A Method for Stacking Genes into a Single Genomic Site Through Iterative Genetic Transformation of Plants



Designer plants can be made by integrating allogeneic or xenogeneic DNA into a plant population.  Those techniques have resulted in numerous commercial cultivars, and those varieties have increased yields with the use of fewer herbicides and pesticides.  Strategies using plants as bioreactors for human and animal pharmaceuticals also have been demonstrated.  Therefore, developing molecular techniques that allow desired genes to travel as a package through the plant selection process would save time and enhance future plant breeding schemes.


Transforming plants using our method of “gene stacking” or “molecular stacking”, is suitable for breeding multiple (transgene-encoded) traits in plants.  Typically, plant transformation relies on selection marker genes which enhance gene integration efficiency.  Our “clean” gene stack does not contain undesirable DNA elements such as marker genes or recombination sites.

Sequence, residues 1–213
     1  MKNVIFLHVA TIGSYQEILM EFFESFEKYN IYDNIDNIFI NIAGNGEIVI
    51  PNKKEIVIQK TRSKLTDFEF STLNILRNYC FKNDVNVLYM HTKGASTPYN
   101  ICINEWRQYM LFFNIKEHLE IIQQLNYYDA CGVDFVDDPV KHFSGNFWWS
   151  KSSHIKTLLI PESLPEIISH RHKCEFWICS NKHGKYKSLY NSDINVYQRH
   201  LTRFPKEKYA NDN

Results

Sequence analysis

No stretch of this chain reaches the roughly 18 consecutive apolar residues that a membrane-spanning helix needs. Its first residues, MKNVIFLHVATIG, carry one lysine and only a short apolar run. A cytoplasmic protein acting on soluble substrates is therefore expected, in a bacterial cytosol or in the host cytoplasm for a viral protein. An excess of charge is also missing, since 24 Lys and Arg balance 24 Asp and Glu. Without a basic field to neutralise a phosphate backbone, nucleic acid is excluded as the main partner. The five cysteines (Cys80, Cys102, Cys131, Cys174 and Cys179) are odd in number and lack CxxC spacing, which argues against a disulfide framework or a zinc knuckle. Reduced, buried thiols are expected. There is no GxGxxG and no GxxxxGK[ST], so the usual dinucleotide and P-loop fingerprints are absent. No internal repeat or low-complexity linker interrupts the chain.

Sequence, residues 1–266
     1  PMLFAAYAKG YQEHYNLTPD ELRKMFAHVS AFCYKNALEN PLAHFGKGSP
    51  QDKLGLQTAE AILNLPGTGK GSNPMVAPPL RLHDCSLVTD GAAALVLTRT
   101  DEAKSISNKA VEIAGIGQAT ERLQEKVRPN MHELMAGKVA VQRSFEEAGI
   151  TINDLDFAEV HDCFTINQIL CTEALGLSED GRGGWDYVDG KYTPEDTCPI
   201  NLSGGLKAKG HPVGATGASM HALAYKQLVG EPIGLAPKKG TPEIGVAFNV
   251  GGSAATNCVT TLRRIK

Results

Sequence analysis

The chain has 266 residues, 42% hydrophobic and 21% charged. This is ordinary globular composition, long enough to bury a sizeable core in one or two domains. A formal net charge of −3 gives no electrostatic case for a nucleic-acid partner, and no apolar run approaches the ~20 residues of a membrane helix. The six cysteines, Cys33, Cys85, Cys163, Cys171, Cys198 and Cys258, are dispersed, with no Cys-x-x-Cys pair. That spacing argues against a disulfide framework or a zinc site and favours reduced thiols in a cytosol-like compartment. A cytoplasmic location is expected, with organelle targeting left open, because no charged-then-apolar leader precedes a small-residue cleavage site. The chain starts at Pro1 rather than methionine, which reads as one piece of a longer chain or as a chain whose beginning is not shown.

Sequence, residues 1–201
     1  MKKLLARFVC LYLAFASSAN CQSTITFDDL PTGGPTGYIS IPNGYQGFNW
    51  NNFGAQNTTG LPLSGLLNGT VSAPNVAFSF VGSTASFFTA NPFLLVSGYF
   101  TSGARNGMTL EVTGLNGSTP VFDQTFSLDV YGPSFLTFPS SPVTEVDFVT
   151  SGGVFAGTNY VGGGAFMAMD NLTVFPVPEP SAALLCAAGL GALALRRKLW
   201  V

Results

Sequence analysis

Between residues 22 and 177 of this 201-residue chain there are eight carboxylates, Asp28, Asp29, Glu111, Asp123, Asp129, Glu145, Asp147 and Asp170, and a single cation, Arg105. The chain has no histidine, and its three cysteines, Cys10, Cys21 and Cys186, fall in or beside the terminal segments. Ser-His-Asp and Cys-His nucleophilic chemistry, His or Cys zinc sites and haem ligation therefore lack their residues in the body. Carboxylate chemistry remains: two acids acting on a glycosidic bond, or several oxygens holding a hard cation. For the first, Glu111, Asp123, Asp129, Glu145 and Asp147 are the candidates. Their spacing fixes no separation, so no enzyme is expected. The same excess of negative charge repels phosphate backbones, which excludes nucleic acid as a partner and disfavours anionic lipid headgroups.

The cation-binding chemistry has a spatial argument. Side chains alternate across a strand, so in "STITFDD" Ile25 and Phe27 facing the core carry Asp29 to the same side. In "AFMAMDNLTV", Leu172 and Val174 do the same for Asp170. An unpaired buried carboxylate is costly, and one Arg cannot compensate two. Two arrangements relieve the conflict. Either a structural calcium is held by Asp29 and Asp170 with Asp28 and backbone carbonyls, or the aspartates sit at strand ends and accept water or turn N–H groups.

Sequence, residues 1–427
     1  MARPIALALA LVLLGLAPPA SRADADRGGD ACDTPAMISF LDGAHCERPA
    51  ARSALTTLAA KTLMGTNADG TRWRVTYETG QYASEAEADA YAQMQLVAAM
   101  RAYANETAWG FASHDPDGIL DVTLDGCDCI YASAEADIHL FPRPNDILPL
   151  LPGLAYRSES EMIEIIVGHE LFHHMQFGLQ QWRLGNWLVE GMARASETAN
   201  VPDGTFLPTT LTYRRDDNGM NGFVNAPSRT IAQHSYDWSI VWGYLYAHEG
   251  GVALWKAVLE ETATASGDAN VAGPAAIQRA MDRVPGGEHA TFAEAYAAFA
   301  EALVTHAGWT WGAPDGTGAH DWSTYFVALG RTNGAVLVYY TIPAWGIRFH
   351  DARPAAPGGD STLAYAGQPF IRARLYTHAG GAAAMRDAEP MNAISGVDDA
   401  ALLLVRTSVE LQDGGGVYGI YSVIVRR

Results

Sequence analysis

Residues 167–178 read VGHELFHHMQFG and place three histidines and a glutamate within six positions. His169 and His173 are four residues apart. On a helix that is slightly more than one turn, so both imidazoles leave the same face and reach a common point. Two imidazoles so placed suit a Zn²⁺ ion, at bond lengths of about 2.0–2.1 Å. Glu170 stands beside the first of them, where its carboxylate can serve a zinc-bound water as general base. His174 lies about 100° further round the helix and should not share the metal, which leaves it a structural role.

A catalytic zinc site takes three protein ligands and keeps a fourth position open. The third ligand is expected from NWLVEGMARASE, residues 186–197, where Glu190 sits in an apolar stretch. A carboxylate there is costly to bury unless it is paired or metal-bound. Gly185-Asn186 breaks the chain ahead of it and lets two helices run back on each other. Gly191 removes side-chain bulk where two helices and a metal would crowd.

Insertion of multiple genes into a single locus simplifies breeding as the “stack” of genes would essentially transmit as a single locus through sexual crosses – leaving only the genes that are useful for production. Introducing the genes into a single location will make it easier to maintain all traits while performing traditional breeding for other improvements.

Provisional Patent Application has been submitted


For licensing opportunities please contact:

Technology Commercialization Office




REF: 2013-25

Patent Information:
Plant Agriculture
For Information, Contact:
Bryan Renk
Associate Director for Technology Commercialization
University of Arkansas TCO
Vibha Srivastava
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